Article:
• Keep an open attentiveness in your sensing.
  • Experience the qualities without conceptualization.
  • See things freshly, or ‘new’, even the 1000th time (such as Thoreau).

Inner Picturing (Exact sensorial Imagination) –

  • Re-member your observations in your mind as concretely and intensely as possible.
  • Enter into whatever the encounter meant for you, feeling your way back through it internally.
  • After the encounter, the plant is no longer with us, but some of it remains in our memory, so notice what that is for you.
  • Notice what you can’t remember, and revisit those parts on your next observation.

Go into detail –

  • Let yourself be led by the phenomenon.
  • Use your tools as a sensing human being to open up to what the phenomenon has to offer.
  • Adapt yourself to what the phenomenon requires of you.
  • Note physical form and qualities.
  • Keep holding back from conceptual frameworks, or if you use it, make it conscious.
  • Describe in detail what you see.
  • Acknowledge that there is detail to be taken in, every visit, more than initially meets the eye.
  • Remember that the process is not about what you do, but what is there in front of you.
  • You are not trying to explain anything, just observe and participate.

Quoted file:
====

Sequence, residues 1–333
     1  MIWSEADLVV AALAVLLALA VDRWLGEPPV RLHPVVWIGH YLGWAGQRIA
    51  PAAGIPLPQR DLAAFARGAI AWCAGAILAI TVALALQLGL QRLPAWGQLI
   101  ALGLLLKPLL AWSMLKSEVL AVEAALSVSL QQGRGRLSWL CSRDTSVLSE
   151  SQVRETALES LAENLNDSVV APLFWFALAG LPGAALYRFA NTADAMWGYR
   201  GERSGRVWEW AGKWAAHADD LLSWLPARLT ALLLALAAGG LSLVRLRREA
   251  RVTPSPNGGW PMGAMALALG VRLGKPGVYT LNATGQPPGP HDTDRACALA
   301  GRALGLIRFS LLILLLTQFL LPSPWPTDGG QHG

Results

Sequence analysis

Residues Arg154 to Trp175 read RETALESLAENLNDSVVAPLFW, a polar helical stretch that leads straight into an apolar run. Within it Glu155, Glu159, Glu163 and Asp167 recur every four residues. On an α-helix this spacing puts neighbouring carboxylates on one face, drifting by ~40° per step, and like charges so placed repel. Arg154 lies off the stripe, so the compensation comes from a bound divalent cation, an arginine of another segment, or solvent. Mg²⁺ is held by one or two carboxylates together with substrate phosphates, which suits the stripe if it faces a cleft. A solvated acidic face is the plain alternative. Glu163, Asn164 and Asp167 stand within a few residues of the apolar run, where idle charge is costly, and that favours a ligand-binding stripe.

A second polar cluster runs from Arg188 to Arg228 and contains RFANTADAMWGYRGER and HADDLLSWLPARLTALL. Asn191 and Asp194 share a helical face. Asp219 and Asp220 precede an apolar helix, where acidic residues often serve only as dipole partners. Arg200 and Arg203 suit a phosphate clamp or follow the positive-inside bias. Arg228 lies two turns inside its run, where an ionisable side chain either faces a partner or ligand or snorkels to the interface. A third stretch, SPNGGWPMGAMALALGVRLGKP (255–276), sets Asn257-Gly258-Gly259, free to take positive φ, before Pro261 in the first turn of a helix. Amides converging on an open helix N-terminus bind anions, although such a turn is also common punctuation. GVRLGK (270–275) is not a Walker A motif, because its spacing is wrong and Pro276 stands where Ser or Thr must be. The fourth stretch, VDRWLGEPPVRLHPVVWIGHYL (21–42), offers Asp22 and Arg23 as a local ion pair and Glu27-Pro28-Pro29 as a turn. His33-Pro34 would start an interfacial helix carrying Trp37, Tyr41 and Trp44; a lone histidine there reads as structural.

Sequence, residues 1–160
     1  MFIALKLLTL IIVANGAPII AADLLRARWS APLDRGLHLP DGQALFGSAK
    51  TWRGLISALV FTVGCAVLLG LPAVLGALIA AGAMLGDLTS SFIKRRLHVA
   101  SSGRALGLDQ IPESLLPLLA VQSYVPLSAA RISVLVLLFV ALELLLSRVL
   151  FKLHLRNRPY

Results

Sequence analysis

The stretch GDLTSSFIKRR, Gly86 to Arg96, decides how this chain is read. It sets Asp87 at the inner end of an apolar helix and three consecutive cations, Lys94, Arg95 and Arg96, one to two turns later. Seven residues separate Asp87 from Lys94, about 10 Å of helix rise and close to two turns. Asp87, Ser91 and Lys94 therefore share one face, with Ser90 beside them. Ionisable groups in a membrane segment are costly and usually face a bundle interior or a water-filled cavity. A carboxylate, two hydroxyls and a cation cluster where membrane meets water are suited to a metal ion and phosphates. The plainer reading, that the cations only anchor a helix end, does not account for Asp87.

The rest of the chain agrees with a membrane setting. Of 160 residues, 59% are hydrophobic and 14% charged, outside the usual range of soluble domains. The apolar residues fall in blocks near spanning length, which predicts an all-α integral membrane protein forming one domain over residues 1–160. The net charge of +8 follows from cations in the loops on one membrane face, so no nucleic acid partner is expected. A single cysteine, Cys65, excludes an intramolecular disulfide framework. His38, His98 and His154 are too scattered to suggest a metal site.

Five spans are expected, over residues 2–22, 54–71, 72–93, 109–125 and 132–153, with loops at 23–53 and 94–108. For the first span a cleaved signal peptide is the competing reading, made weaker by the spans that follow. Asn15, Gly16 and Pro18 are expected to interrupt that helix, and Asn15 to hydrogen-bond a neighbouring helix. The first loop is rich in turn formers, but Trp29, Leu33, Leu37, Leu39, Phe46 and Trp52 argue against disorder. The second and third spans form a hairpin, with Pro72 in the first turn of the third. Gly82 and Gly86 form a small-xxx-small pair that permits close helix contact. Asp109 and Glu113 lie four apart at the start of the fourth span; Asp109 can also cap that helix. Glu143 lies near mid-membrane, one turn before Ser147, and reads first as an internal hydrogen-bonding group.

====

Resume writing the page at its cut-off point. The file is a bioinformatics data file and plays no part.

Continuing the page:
• “Let the thing speak” Goethe
  • Your understanding grows in conversation with the phenomenon, so keep at it.

Inner re-picturing (Exact sensorial imagination) –

  • When you just go into detail you enter a realm of form, pattern and relationship but you could forget that this is a dynamic, developing being. So repeating the exact sensorial imagination after every stage builds a living picture of the phenomenon inside you. Already in the plant’s completed form in a sense of time, process and life, so allow this to develop when you re-imagine the plant in your mind.
  • Re-member, re-create and re-form.
  • This is an inner corrective and a way of connecting deeply with the impressions that the world has left within you. In entering into the memory we are participating with the phenomenon with an inward activity, rather that the outward activity of observation. The process allows us to become aware of our own activity.
  • This is an inner corrective and a way of connecting deeply with the impressions that the world has left within you. In entering into the memory we are participating with the phenomenon with an inward activity, rather that the outward activity of observation. The process allows us to become aware of our own activity.

Realising the Pattern –

  • After re-visiting the phenomenon over several occasions, patterns within the phenomenon may begin to become apparent to you.
  • Patterns of form, quality, detail, or some repeated essence that feels essential to the phenomenon.
  • Through entering into form and movement, we participate in the living process and so details reveal themselves that may not be able in the first instance.